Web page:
Allies: What They Are and How To Be One
The word ally comes from the Latin word, alligare, to bind. This “binding” has transformed from its military associations to mean more than a combatant partnership. Instead of being allies during times of war, in the lives of a LGBTQ+ person (Lesbian, Gay, Bisexual, Trans, Queer), an ally helps fight LGBTQ+ struggles. An ally is a person that is a constant reassurance that there is hope in our scary world. Plainly, allies are those who are open, accepting, and willing to support the LGBTQ+ Community.
The Human Rights Campaign defines an ally as, “someone who is supportive of LGBT people. It encompasses non-LGBT allies as well as those within the LGBT community who support each other…” Allies aren’t superheroes. They’re the people that are there to listen, there to act, and there to be a true friend. And that is the thing with being an ally: it isn’t someone’s job title. It is a part of one’s identity and is a work in progress. To start off, here are some simple, yet effective, tips and tricks on how to be an ally:
How To Be An Ally: Out Loud
- Participating in Marches
- Speaking out against injustices
- Voting for candidates and policies that help LGBTQ+ people
How To Be An Ally: From Home, Work, to the Local Coffee Shop
- Asking pronouns when meeting new people
- Adding pronouns to your email signature: it shows you are cognizant of their importance
- Consistently using someone’s chosen name. It is difficult at first, especially if you knew them by a different name previously, but people are understanding if you are truly trying. It is important to note that when someone uses a previous name it may bring back triggering memories from their past. Not to mention it is basic manners.
- Owning and reading an LGBTQ+ themed book. Here are my recommendations:
Stonewall Book Award List
Aristotle and Dante Discover the Secrets of the Universe
Call Me By Your Name
A Quick and Easy Guide to They/Them pronouns
And Julian Is a Mermaid (this is a children’s book)
The things you do to support your LGBTQ+ folks are reassuring acts of acceptance and kindness. With that in mind, the things you might do, even subconsciously, can also send the opposite message.
What Not To Do & What To Do Instead
Do Not: Use/support entertainment that negatively reflects LGBTQ+ people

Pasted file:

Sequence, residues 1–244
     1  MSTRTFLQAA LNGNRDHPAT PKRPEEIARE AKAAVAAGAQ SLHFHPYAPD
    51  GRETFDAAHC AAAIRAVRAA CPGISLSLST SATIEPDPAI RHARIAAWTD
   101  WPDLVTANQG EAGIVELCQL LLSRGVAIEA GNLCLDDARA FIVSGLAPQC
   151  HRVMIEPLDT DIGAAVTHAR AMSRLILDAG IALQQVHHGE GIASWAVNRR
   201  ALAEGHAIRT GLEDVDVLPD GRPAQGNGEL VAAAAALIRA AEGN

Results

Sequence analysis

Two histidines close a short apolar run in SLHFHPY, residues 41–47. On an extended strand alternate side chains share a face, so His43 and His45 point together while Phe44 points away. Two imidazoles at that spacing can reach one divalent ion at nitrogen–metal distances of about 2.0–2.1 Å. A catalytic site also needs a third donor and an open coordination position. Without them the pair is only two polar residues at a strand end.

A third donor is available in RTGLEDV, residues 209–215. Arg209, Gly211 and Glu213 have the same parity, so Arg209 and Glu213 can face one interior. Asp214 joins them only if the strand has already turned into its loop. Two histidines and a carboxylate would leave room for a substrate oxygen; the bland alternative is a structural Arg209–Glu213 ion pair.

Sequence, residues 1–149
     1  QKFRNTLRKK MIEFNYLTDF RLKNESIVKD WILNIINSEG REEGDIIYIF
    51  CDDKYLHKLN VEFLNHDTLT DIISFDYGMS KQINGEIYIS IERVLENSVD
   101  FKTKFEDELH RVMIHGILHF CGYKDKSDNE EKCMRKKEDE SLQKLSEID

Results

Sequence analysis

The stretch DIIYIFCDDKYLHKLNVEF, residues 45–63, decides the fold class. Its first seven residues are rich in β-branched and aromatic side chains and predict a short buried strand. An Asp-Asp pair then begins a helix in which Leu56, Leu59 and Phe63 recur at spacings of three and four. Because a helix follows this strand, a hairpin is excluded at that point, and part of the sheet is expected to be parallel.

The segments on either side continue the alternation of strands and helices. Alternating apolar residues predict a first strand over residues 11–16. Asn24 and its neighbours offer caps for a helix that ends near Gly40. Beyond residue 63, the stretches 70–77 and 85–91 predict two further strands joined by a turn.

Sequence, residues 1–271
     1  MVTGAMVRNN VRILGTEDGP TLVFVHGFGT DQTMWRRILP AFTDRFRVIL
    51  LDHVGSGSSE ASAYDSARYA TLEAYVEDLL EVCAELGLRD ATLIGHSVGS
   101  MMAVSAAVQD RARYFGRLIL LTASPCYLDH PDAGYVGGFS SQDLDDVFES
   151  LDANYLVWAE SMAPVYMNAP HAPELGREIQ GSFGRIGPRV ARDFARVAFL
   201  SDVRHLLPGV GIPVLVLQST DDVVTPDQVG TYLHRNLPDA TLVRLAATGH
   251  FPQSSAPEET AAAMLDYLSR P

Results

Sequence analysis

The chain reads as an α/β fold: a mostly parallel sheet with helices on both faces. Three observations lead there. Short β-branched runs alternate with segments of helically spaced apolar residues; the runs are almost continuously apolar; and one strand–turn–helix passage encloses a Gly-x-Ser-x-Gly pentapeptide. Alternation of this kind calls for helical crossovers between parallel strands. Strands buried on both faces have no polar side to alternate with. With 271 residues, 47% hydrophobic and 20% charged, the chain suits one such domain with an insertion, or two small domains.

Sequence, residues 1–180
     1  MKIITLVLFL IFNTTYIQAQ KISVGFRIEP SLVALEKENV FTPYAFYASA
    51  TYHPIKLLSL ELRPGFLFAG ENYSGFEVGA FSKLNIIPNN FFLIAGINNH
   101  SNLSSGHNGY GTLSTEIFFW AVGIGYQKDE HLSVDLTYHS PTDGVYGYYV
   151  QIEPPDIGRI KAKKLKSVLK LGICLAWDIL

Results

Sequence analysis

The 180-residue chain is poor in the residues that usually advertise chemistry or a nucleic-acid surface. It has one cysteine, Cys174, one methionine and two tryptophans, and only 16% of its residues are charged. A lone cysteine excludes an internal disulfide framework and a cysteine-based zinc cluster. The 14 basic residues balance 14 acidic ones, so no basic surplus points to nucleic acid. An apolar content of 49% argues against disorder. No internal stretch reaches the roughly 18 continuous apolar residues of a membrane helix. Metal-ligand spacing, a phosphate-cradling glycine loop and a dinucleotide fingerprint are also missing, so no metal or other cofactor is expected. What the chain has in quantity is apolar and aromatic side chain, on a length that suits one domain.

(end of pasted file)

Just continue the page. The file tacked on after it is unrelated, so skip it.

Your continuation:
- It is all fun and games until someone gets hurt. Race jokes, “Gay” jokes, and jokes of that nature are hard ground to trek. The usual consensus is that if you are gay, you can make gay jokes. (This is a form of reclaiming.) Instead, praise comedians that are allies and vocalize your opinions of those who are not.
Do Not: Use derogatory words and phrases that have traditionally been used to or currently tear down LGBTQ+ people
- There are just some words that don’t belong in anyone’s vocabulary. Avoiding using those words, and speaking up when someone else uses them, are great ally practices. Be able to communicate to others why using these words is wrong and educate other when specific instances happen.
- Here is a good article about how the community is reclaiming once offensive language.
Do Not: Knowingly supporting brands that are known to be anti-LGBTQ+
- Doing your research on companies that you use. If you find something, it is your choice if you want to continue to support a brand or no. Research brands that actively advocate and promote societal improvement. From ads, public statements, and donations to charitable organizations, many companies prove themselves as allies. Here is a list of companies and their actions.
Do Not: Stand silent against anti-Gay politics and organizations
- Being an ally to the LGBTQ+ community is critical in times such as these. Gay marriage, Trans military ban, and bathroom bans, have shown the ugly side of politics. As allies, we serve to help cope with these things and to oppose them. The Human Rights Campaign has a Your Elected Officials resource that allows you to see what policies your elected officials have voted for or against.
As an ally, you may also become a metaphysical safe space for someone that is part of the LGBTQ+ Community. As an ally, be willing to learn from and to communicate respectfully with a member of the Community. Be the person that won’t run away from someone after they come out. This is powerful. When someone decides to come out, which is their choice, it shows that they trust you with something so intimate, something essential to them, something core to their being. This moment in their story is a gift, and it is also a time to speak openly with them, if they decide to continue to share. Asking questions is okay, if you respect someone’s boundaries and ask in a sincere manner. Educating yourself from the source makes you a better ally. Educating yourself makes you an ally.
There are countless ways that can help you be an ally, but what is truly countless is the positivity that allies bring to people. It is hard to be a member of a community that does not always feel safe because of something so inherent as being attracted to someone. Even in places like Chicago, where many believe that because we are such a big city we must be progressive, there are still instances of hate and prejudice that put people’s lives at risk. Being an ally means you are a trusted and loved individual, and you reciprocate that love. Being an ally means that a member of the community can look to you for laughter, a good hug, and a shoulder to cry on. Being an ally means you could be the first in your social circle to bring acceptance. Allies make workplaces, restaurants, parks, malls and other public places feel safer. An ally can save a life.
There is an ally in me, is there one in you?